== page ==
Clinical trials have shown that Enhertu (trastuzumab deruxtecan) could extend the lives of patients with incurable breast cancer by as much as two years.
Baroness Morgan, the chief executive of Breast Cancer Now, described the decision as “devastating”.
The National Institute for Health and Care Excellence (NICE) said that it recognised the drug was a “potentially significant development” but that “cost-effectiveness estimates were too high”.
The watchdog said that it needed more information on the drug and asked the manufacturer, Daiichi Sankyo, to address “uncertainties in its economic model”.
The drug is the first of its kind to be licensed and targets a new subtype of breast cancer known as HER2-low – a reference to the protein on the breast cancer cells that stimulate the tumour’s growth.
Early estimates suggest as many as half of the 56,000 people diagnosed with breast cancer in the UK each year could have the newly classified subtype of the cancer.
The treatment, which has been approved in the United States and Europe, works by attaching to the protein and stopping it from growing, and can also help the body’s immune system to identify and attack the cancer.
‘Number of uncertainties’
It is available on a conditional basis in Britain and through a “managed-access agreement” with NHS England, allowing some patients to benefit.
Up to 1,000 NHS patients would have benefited from the treatment if it had been approved, NICE said.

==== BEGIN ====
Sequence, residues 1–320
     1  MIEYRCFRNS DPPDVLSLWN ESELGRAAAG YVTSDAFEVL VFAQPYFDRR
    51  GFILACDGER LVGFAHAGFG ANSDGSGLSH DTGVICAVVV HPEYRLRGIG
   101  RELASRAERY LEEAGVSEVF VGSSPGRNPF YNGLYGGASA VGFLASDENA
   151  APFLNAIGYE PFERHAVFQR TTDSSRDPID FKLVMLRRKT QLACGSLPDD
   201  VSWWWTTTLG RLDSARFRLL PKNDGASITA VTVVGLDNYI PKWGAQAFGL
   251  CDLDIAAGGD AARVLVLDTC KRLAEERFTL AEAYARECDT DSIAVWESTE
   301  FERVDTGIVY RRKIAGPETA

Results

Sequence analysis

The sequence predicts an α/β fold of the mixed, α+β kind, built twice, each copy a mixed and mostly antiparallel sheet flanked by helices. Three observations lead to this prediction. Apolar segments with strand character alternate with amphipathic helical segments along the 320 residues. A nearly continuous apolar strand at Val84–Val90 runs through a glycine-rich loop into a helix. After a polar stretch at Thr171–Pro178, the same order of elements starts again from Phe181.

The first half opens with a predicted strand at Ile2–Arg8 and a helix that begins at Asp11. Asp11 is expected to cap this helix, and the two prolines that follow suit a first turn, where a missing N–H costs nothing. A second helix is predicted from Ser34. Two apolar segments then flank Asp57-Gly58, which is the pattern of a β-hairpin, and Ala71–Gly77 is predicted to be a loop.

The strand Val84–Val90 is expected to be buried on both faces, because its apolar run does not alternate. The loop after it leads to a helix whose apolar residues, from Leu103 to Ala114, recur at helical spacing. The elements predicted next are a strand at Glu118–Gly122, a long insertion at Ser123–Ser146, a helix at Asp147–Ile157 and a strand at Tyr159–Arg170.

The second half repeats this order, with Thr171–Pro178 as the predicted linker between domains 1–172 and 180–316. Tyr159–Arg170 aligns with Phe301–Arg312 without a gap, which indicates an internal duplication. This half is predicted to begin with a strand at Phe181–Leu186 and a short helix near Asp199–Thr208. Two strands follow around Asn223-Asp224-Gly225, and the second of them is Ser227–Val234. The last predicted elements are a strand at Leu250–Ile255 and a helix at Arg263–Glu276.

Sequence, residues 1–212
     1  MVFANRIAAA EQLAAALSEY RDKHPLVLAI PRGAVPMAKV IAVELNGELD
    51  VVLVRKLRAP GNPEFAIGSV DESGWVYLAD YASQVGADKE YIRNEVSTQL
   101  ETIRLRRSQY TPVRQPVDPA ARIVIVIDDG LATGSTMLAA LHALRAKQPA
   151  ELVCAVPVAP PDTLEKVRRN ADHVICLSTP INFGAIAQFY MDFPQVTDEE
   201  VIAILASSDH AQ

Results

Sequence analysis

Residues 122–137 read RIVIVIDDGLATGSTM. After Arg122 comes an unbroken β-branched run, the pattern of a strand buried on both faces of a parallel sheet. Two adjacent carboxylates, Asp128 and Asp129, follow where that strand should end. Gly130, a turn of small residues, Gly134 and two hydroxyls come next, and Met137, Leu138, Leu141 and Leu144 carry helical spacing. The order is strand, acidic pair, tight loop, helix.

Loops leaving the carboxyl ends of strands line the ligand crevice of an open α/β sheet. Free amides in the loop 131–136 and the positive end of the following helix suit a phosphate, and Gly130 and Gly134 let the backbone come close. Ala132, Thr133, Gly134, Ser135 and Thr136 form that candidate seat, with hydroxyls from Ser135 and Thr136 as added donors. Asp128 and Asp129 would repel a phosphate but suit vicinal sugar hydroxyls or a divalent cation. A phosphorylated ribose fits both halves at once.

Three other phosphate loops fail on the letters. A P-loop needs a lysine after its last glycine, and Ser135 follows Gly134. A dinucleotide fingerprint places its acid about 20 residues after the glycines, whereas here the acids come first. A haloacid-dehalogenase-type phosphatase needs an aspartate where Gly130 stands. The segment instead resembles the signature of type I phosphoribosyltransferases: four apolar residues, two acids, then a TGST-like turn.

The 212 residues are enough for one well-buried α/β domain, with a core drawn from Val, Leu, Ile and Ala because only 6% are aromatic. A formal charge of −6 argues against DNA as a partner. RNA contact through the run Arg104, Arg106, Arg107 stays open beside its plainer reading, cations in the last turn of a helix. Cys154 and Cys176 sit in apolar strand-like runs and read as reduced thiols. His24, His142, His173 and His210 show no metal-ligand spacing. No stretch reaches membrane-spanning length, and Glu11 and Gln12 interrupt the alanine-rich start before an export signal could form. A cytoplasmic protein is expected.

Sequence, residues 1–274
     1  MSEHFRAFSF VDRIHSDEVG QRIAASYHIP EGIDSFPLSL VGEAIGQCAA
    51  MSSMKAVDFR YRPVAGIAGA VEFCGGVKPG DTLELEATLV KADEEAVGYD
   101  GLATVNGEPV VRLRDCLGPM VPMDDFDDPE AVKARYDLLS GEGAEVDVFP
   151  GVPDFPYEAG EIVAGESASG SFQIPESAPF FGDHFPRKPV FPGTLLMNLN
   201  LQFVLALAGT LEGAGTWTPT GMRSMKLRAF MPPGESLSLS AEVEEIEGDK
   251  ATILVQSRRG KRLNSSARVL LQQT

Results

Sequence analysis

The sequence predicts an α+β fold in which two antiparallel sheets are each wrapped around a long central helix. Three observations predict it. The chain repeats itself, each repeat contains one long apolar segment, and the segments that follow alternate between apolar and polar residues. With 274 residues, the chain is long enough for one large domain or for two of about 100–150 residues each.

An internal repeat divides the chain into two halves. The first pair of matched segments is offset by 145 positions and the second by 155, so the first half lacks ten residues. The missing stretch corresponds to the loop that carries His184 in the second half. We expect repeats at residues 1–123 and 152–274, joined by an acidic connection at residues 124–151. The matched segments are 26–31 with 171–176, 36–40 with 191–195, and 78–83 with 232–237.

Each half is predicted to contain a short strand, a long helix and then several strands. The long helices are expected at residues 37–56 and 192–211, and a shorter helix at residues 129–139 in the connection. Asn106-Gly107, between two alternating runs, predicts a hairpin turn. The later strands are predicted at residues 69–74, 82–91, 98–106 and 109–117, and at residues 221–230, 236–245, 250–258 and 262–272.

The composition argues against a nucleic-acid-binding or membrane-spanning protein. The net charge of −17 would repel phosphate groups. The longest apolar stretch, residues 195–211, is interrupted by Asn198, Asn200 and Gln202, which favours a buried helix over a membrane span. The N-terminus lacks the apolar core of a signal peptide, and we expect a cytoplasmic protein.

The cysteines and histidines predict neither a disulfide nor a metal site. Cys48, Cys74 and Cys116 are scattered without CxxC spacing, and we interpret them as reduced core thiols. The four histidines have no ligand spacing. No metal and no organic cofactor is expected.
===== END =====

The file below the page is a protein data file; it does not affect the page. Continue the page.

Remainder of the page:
The numbers are relatively small because women will have to be diagnosed with HER2-low breast cancer that cannot be surgically removed or has spread to other parts of the body, and have already had chemotherapy.
Lady Morgan urged NICE and Daiichi Sankyo “to work together to explore all possible solutions to ensure this provisional decision is reversed without delay”.
She said: “This could have been a crucial moment to change practice and for the first time, provide an effective, targeted treatment for patients whose breast cancer is HER2-low.
“Instead, trastuzumab deruxtecan, and the invaluable extra time it could bring patients to do the things that matter most to them, remains out of reach.”
The treatment, which has a market cost of about £1,500 per dose, is delivered intravenously every three weeks.
Helen Knight, the director of medicines evaluation at NICE, said: “There were a number of uncertainties in the company’s economic model, this meant that even when taking into consideration the condition’s severity and its effect on quality and length of life, the cost-effectiveness estimates were too high for it to be recommended for use in the NHS.
“The committee has identified a number of areas for clarification by the company before its next meeting and NICE will work with the company to address these.”